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I wolud like to learn and understand more some basic facts about Dirichlet series, for wich I want explore the following function, that is called the sum of remainders function, A004125 as Sloane's sequence. $$S(n)=\sum_{k=1}^n \text{nmod k}.$$

Question 1. Can you explore the abscise of absolute convergence $\sigma_a$ for the Dirichlet series $$\sum_{n=1}^\infty\frac{S(n)}{n^s}?$$

Facts that I thought are, the first that it is known that this function is related with the sum of divisor function $\sigma(m)=\sum_{d\mid m}m$, by $$\sigma(n)+S(n)=S(n-1)+2n-1,$$ which holds for each $n>1$. Thus I can think in the diference $|f(n)-f(n-1)|$ and perhaps use the triangle inequalities or the knowdlegde that we have about the sum of divisor function. Too if we multiply by $n^{-s}$ we can get the Dirichlet series for $\sigma>2$ for the sum of divisor function and $\zeta(s)$ and $\zeta(s-1)$, and perhaps from here you know how work with $\sum_{n=2}^\infty\frac{S(n)}{n^s}$ and $\sum_{n=1}^\infty\frac{S(n)}{(n+1)^s}$.

Following Apostol's book, Introduction to Analytic Number Theory (now page 226), if we can get a bound $|S(n)|$, I would like write the bound for the tails $|\sum_{n=N}^\infty\frac{S(n)}{n^s}|$ as is stated in Lemma 1, for a $\sigma\geq c\geq \sigma_a$, which is a direct application of such lemma, but I ask if one time that you know previous bound for $|S(n)|$, then

Question 2. Can you get an upper bound for $$|\sum_{n=N}^\infty\frac{S(n)}{n^s}|?$$ And, can you conjecture or deduce the abscise corresponding with a half-plane for which the Dirichlet series $\sum_{n=1}^\infty\frac{S(n)}{n^s}$ is never zero?

Thanks. I would like to ask more about these pages, for example the question concerning the limit uniformly to S(1)=0, but I assume that I am learning slowly.

Update: The remarks that were deduced in comments:

If we're only looking at $k \geq n/2$, then $n \bmod k = (n-k)$, and summing that gives approximately $n^2/8$.

So the series converges absolutely for $\operatorname{Re} s > 3$.

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  • $\begingroup$ I don't know if such exercise are in the literature. $\endgroup$ – user243301 Feb 18 '16 at 21:06
  • $\begingroup$ If you can find an $\alpha$ so that $S(n) \in \Theta(n^{\alpha})$, determining the abscissa of absolute convergence is easy. $\endgroup$ – Daniel Fischer Feb 18 '16 at 21:11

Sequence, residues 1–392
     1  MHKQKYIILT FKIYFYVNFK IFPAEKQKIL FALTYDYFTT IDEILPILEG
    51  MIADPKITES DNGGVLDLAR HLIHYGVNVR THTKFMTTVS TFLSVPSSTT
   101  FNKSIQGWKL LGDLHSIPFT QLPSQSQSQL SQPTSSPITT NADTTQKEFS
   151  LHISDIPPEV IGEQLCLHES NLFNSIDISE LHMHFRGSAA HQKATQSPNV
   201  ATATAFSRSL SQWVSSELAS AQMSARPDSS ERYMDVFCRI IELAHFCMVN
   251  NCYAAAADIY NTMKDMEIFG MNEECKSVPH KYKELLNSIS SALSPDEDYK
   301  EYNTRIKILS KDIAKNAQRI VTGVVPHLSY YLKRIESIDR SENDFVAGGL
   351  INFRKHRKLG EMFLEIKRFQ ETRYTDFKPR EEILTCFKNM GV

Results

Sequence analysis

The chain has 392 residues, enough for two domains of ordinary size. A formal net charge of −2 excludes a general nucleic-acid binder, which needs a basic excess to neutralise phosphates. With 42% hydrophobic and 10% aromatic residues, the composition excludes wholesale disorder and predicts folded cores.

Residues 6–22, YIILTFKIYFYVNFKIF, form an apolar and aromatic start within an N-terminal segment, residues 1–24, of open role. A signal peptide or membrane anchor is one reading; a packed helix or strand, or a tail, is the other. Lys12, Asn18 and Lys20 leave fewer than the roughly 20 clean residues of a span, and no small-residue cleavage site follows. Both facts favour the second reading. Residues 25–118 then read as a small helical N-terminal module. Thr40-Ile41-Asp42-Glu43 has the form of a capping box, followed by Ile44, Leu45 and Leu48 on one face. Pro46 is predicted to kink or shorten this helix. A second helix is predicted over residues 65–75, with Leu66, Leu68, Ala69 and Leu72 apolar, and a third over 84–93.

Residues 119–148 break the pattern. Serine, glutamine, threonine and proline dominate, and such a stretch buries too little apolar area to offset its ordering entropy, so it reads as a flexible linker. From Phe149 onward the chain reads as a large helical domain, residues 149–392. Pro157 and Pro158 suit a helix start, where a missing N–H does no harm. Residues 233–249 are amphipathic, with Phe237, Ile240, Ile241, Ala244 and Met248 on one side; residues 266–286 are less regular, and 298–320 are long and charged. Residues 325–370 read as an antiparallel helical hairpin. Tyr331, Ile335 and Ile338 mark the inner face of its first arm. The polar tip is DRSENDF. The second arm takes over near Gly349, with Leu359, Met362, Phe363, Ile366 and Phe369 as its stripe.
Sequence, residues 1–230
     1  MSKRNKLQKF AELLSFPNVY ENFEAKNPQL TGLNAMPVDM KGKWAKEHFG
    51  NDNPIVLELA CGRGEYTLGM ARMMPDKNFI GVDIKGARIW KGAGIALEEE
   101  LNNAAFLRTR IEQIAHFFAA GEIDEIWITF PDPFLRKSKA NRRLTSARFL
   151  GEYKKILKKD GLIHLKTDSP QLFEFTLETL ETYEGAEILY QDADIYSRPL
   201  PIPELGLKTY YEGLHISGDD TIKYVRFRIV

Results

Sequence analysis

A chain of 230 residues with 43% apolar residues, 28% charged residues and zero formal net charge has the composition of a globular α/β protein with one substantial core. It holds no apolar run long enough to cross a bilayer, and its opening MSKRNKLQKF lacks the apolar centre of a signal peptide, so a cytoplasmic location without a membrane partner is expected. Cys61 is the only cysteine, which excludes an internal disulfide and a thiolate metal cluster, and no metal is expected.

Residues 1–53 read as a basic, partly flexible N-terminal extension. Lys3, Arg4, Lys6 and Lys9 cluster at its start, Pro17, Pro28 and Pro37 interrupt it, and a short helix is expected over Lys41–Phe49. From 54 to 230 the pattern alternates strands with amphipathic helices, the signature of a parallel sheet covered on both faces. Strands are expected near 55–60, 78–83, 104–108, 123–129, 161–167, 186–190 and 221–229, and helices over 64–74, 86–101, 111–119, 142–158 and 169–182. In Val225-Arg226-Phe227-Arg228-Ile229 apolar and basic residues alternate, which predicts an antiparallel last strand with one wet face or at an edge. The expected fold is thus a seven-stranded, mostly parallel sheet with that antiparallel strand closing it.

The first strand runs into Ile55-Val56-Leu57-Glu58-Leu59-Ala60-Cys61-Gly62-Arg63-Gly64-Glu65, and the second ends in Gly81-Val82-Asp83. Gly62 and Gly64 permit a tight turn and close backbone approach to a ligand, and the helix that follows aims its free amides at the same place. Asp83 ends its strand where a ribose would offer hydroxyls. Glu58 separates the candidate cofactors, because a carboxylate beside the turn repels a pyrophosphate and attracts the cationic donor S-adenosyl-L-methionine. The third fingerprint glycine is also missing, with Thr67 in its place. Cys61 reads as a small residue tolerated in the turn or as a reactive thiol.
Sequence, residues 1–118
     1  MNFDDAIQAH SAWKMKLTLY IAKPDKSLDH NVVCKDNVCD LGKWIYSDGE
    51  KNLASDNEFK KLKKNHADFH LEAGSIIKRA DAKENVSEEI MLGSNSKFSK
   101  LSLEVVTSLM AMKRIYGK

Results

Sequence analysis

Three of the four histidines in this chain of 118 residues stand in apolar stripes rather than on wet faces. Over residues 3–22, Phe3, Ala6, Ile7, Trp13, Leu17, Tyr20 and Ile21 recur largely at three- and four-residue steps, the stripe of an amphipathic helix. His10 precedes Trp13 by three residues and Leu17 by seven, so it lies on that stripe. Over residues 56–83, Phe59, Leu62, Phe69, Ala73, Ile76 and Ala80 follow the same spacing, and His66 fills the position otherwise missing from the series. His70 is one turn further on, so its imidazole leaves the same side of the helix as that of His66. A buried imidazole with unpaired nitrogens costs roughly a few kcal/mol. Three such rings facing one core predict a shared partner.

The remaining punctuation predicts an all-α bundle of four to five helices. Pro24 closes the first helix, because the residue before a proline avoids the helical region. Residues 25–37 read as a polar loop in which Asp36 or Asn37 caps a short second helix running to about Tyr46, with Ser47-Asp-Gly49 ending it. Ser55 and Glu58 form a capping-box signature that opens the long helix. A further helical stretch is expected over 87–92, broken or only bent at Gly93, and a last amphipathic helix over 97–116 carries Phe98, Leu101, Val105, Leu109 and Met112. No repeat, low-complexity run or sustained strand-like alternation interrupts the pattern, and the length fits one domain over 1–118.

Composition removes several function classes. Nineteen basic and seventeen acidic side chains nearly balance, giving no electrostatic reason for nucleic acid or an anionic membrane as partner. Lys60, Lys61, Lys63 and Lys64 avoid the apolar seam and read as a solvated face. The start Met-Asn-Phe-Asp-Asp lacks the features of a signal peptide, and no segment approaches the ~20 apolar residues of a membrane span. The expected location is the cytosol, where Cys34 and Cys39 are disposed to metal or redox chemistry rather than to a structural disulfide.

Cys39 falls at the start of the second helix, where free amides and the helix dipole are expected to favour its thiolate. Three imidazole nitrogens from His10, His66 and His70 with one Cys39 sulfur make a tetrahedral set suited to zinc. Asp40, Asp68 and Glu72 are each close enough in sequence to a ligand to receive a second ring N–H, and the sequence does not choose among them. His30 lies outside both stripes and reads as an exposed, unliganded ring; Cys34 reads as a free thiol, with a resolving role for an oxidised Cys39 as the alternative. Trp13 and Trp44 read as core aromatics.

• $\begingroup$ Well, I don't know how get $O(n^\alpha)$, but you can tell me how if we assume that $S(n)\in O(n^\alpha)$, how find the abscissa of absolute convergence, so I know for the next time. Thanks @DanielFischer $\endgroup$ – user243301 Feb 18 '16 at 21:14
  • $\begingroup$ If $\lvert a_n\rvert \leqslant C\cdot n^{\alpha}$, then absolute convergence of $\sum \frac{n^{\alpha}}{n^s}$ - which happens if and only if $\operatorname{Re} s > \alpha + 1$ implies the absolute convergence of $$\sum_{n = 1}^{\infty} \frac{a_n}{n^s}.$$ Conversely, if $c\cdot n^{\beta} \leqslant a_n$, the absolute convergence of $\sum \frac{a_n}{n^s}$ implies the absolute convergence of $\sum \frac{n^{\beta}}{n^s}$. So if $a_n \in \Theta(n^{\alpha})$, the abscissa of absolute convergence is $\alpha + 1$. $\endgroup$ – Daniel Fischer Feb 18 '16 at 21:22
  • $\begingroup$ Very thanks much for the deduction and write the proposition @DanielFischer $\endgroup$ – user243301 Feb 18 '16 at 21:24
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Answer for question 1: Following (I copy these) the comments written below myself question, by the user, for our coefficients $S(n)$, we have clearly $$S(n)\leq \sum_{k=1}^n k,$$ so we have $S(n)\in O(n^2)$. We can also find a lower bound for $S(n)$ of the form $c\cdot n^{\alpha}$, when we answer the question what is the largest $\alpha$ that we can reach? Well, if we're only looking at $k \geq n/2$, then $n \bmod k = (n-k)$, and summing (for example with Gauss identity) that gives approximately $n^2/8$. By calculus, see comments about the computations of the abscissa of absolute convergence, since we show that $S(n) \in \Theta(n^{\alpha})$, then we can say that the abscissa of absolute convergence is $\alpha+1=3$ .So the series converges absolutely for $\operatorname{Re} s > 3$.

My answer for question 2: Then by Lemma 1 (page 226 of Apostol's book) for $\sigma\geq c>3$ and $N>\geq 1$ $$|\sum_{n=N}^\infty\frac{S(n)}{n^s}|\leq N^{-(\sigma-c)}C\cdot\sum_{n=N}^{\infty}\frac{1}{n^{c-2}}.$$

I know that I can write (from the asymptotic formulas derived using Euler's summation, stated as Theorem 3.2 in page 55)

$$\sum_{n=N}^\infty\frac{1}{n^{c-2}}=O(N^{3-c}).$$

I don't say nothing more best than this. I don't try compute approximations for these tails to do a comparision.

If you can improve my answer your are welcome.

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  • $\begingroup$ I add the reference (I say the answers that gave the users to a past question) since their answers could be useful $\endgroup$ – user243301 Feb 19 '16 at 17:09

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